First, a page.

Around half of the fish that the world eats for dinner comes from fish farms. Aquaculture is promoted as a sustainable way to meet rising consumer demand for seafood. But fish farming relies on small, wild fish to feed farmed fish, pollutes the waters around it with wastes and chemicals and threatens wild fish biodiversity through escapes and disease transmission.
The magnitude of these effects is poorly understood. The aquaculture industry has expanded rapidly in the last several decades, producing 59.9 million metric tons of fish in 2010. But few countries require mandatory reporting and public release of aquaculture statistics. For example, China was responsible for 61.4 percent of world aquaculture in 2010, and Asia as a whole produced 89 percent, but aside from production totals, very little information is available about the fish farming industry in these countries.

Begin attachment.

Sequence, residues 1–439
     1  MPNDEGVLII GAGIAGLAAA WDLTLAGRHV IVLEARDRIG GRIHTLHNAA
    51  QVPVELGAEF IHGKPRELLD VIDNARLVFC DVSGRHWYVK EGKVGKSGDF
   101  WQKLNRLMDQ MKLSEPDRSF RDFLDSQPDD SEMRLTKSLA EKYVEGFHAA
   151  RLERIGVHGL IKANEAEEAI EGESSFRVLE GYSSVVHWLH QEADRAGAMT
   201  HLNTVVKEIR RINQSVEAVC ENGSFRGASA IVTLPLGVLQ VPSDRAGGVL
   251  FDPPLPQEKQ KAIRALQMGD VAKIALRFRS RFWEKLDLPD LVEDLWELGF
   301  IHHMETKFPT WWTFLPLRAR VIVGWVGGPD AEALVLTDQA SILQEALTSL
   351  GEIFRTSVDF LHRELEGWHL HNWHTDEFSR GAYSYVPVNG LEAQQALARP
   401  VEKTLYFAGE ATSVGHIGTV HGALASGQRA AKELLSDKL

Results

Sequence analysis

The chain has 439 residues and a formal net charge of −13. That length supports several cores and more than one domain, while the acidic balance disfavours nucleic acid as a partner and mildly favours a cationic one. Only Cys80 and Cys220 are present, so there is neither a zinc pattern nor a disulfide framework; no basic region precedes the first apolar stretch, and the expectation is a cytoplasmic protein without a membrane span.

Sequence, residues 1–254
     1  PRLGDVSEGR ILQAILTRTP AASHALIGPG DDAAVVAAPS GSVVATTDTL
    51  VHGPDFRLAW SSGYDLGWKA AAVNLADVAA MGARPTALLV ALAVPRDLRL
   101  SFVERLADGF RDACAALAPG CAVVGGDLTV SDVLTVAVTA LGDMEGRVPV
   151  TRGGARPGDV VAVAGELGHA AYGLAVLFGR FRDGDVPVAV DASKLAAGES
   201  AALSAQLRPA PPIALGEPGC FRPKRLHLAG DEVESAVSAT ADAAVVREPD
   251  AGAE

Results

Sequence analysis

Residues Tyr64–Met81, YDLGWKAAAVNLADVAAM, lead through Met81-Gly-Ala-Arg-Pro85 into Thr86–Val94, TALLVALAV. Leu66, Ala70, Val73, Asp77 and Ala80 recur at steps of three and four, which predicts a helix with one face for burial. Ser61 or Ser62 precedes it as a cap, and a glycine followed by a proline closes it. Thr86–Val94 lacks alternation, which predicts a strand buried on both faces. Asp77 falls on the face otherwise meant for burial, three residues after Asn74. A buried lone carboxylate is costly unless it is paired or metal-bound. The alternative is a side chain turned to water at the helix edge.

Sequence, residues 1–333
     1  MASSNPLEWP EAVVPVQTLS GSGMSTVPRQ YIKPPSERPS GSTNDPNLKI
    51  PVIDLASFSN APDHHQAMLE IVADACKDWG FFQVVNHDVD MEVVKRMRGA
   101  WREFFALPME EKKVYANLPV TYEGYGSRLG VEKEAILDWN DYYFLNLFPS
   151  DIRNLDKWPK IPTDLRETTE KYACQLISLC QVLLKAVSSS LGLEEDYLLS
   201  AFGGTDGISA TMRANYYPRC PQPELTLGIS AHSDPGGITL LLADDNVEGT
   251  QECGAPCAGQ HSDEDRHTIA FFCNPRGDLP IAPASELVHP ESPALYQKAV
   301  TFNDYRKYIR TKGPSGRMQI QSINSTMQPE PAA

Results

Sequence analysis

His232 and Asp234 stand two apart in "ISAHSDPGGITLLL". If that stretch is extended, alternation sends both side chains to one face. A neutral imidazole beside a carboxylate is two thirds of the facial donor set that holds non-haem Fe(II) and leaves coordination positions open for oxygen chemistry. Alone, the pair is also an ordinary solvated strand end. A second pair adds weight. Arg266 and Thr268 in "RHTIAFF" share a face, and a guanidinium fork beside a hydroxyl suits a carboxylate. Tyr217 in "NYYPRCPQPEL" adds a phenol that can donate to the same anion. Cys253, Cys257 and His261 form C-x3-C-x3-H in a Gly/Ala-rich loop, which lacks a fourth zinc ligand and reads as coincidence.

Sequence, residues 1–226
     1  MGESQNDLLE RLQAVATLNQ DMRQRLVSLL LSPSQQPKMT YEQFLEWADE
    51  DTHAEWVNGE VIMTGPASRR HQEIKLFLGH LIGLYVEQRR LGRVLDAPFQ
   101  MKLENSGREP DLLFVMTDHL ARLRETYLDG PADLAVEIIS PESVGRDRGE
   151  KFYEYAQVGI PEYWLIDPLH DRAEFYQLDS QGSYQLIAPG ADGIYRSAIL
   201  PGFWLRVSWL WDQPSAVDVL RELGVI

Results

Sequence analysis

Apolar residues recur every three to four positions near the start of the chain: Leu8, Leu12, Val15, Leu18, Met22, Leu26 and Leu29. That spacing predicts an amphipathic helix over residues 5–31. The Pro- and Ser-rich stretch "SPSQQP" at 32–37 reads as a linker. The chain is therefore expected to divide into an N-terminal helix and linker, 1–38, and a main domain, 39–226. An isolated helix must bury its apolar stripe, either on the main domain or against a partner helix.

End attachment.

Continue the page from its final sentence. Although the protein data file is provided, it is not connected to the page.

In this issue brief, we analyze available data on fish farm escapes and disease outbreaks to build a picture of the costs of aquaculture.